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Tuesday, 18 April 2006



As I remember the freshman reading list, the faculty member who recommended a book for inclusion had to ensure that the library had the book, and provide the book if it wasn't available in the stacks.

Then there was a faculty panel that selected the list that would be used. Normally it was the list of selections by the President and the Deans that was used as the framework. I never had one of my choices used.

These days I would think that you would have to be sure that selections were available from Amazon, Powell's, Barnes, etc.

I'm trying to imagine the context for the librarian's choice as well as wrestling with the concept of a political librarian.


Librarians are faculty members lots of places (including both the place I work now and the place where I got my library degree). And there's nothing in the ALA Code of Ethics that prohibits a librarian from having political convictions or participating in politics. In fact, it's encouraged. (Most librarians, however, tend to be liberals and Democratic leaners, if not actual Democrats.)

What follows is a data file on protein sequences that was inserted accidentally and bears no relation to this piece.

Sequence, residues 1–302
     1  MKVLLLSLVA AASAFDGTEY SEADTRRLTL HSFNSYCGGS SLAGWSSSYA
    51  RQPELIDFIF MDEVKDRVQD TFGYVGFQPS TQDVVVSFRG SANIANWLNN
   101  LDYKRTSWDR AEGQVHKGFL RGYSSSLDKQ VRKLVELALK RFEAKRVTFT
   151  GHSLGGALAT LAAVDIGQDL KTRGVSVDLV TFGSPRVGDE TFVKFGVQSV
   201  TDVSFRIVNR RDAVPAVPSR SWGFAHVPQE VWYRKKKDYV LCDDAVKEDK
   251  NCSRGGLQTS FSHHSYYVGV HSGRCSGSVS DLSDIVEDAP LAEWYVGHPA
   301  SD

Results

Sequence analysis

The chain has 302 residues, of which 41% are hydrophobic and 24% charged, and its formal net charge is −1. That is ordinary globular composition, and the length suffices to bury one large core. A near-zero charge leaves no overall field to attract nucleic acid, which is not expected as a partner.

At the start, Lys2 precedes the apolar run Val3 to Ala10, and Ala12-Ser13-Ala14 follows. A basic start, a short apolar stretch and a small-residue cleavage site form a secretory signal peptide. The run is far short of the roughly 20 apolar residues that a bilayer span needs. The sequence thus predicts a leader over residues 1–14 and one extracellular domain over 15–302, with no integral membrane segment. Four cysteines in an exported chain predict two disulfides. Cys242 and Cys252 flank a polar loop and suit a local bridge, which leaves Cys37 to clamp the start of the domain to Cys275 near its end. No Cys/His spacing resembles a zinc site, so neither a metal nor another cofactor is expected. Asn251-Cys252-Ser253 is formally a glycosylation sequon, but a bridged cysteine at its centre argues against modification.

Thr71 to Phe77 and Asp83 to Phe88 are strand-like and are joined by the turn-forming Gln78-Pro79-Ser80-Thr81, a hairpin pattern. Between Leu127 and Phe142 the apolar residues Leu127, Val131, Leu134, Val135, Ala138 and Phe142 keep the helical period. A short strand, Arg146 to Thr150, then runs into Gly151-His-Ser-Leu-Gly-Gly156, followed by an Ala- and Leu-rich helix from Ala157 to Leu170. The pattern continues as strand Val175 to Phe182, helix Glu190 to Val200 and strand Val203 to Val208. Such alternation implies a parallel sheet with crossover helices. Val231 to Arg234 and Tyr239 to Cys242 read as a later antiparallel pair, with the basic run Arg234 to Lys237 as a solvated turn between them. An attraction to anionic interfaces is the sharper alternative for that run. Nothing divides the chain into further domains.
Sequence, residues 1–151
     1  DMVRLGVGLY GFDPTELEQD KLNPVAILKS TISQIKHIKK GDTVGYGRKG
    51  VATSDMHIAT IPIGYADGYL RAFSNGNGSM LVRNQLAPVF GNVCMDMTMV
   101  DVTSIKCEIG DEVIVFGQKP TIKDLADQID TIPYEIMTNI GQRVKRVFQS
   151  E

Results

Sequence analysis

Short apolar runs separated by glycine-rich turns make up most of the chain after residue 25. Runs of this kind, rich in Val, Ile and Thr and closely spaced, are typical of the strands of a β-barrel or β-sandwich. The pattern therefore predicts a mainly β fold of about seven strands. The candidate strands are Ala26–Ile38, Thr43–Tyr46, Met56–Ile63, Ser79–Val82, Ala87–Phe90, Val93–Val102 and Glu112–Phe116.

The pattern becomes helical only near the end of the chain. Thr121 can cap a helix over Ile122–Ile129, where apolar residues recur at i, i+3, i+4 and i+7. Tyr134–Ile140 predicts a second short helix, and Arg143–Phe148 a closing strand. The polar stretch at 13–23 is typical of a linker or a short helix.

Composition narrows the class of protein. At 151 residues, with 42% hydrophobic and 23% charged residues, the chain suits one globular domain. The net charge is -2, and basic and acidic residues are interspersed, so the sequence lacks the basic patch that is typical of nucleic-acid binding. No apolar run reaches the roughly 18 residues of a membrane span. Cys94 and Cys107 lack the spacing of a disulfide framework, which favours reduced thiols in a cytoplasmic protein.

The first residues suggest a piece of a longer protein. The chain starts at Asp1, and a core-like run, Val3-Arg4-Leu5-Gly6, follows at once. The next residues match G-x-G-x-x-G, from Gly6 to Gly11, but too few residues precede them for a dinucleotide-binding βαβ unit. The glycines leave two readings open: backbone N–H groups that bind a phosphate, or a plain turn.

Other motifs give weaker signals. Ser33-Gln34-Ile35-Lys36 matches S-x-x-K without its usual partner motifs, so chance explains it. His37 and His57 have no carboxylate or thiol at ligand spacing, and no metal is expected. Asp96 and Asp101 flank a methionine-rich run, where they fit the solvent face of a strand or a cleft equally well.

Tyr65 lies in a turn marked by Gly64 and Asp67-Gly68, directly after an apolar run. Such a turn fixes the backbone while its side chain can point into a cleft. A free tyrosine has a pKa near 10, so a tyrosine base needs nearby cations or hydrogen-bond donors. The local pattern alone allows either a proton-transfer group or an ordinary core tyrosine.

Somewhat surprisingly (to me, anyway), the Amazon/Powells/B&N thing doesn't seem to have caught on for textbooks with many students. That's virtually the only way I buy mine anymore, unless they're either out of print (in which case I hunt through abebooks.com) or limited availability. I think the last thing I actually bought from the university bookstore was a volume of Thomas Reid's works for a philosophy seminar four years ago--it was (a) brand new, (b) from an academic press, and (c) had been special ordered for us through the bookstore. As a staff member, I got a discount on it--but it would have been a bigger one if I could've bought it at B&N. (I won't use Amazon unless I have no other choice, like for French or German books, which B&N mostly doesn't carry--and Amazon has both French and German divisions.)

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